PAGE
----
How do you tell people about a death?  I’ve had plenty of practice this year; you’d think I’d know by now.  My sister died.  Younger, ‘little’ sister. She was kind, unpretentious, had an infectious and conspiratorial giggle, and was waiting for medical discharges to marry a man completely devoted to her.

Sharma morningI’ve been with my parents, sleeping in the bed I shared with Sharma. What does it mean when you sleep with a sister for your entire childhood?  Are your dreams forever woven?  When I asked if she minded my frozen feet sneaking under her warmness at night, she just said, ‘Nah.’  She loved an older sister enough to tolerate anything. I’d love to know what she really thought. About a lot of things.

I keep walking outside to look at the trees and feel the breeze. Everything else is just surreal. She isn’t here, calling me ‘Sis,’ giggling, and just…being a sister.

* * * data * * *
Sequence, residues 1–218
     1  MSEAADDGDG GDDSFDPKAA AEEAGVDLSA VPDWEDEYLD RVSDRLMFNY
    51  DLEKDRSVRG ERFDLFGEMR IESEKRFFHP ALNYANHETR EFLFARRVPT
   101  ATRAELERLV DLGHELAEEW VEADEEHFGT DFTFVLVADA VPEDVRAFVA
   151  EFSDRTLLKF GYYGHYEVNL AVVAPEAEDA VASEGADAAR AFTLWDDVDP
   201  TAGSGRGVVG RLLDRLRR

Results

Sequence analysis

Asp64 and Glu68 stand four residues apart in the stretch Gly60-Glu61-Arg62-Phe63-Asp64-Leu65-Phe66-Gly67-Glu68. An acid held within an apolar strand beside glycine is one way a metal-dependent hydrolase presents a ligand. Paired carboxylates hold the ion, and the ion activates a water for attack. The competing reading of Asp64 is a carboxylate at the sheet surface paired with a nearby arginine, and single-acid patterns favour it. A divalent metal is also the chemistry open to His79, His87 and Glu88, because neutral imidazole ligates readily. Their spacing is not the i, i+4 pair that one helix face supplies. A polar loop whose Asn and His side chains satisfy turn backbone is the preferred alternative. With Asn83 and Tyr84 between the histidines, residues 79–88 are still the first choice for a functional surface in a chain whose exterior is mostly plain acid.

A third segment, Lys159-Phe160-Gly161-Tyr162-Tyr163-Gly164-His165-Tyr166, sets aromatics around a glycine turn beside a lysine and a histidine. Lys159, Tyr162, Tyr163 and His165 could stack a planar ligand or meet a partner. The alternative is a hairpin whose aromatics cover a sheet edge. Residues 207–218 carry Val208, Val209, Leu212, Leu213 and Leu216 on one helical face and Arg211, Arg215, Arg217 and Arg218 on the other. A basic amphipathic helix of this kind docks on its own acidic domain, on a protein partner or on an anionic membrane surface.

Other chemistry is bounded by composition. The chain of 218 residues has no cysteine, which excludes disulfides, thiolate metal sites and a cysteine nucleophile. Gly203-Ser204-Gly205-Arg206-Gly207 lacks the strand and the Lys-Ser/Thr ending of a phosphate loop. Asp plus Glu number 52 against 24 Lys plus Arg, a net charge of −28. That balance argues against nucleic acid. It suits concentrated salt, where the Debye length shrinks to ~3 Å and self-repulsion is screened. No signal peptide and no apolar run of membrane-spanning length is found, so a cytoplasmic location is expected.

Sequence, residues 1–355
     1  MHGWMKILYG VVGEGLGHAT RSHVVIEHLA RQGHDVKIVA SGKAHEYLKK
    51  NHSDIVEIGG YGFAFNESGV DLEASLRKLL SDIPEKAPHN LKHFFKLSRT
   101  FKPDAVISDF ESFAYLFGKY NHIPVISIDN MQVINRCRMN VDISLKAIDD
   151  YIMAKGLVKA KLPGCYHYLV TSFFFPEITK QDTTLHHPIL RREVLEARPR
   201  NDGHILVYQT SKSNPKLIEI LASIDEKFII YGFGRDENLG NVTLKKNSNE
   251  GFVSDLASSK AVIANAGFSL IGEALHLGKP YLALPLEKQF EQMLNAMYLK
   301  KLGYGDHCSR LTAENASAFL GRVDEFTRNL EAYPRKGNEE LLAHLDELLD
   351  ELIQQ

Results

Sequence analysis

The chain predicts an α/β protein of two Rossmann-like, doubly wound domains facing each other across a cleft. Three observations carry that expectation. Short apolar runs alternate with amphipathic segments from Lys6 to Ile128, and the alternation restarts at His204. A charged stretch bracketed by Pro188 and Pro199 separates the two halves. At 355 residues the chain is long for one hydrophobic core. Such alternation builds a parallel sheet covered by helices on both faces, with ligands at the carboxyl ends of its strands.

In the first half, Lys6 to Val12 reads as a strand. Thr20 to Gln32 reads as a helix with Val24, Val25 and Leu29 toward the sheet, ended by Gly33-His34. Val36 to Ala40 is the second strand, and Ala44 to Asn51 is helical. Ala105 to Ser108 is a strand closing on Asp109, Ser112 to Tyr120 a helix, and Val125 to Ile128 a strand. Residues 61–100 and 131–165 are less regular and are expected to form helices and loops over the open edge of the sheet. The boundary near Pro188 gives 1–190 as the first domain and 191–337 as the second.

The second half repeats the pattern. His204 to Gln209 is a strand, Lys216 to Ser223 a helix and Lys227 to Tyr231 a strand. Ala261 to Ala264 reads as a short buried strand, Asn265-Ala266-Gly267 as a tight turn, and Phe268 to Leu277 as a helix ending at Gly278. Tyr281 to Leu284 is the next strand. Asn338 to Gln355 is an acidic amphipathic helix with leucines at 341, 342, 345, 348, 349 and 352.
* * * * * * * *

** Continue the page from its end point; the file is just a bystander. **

The range of condolences has felt weird. Why tell me you’re sorry or shocked, I want you to tell her.  Equally pointless. We want to say something; I guess whatever comes out that’s genuine and heartfelt.

Completely so was the young stranger in a red OSU jersey who strode into the funeral home. Tears iSharma birthdayn his eyes and clutching a handful of postage stamps, he babbled something about working with Sharma and being a customer.  She was a mail carrier, and he wanted to put a stamp on her.  They don’t make one to get you to Heaven, so a regular one would do.

When I tell the truth, My sister died, instead of the sugarcoat, In Ohio for a family emergency, the conversation always ends with You’ll be in my prayers.  From folks I know have good prayers, so you’d think I’d be able to say that truth.

The other truth is that she isn’t really gone. Even though we weren’t close, she’s still in my bones. Giggling on the edges of my dreams, warming my heart.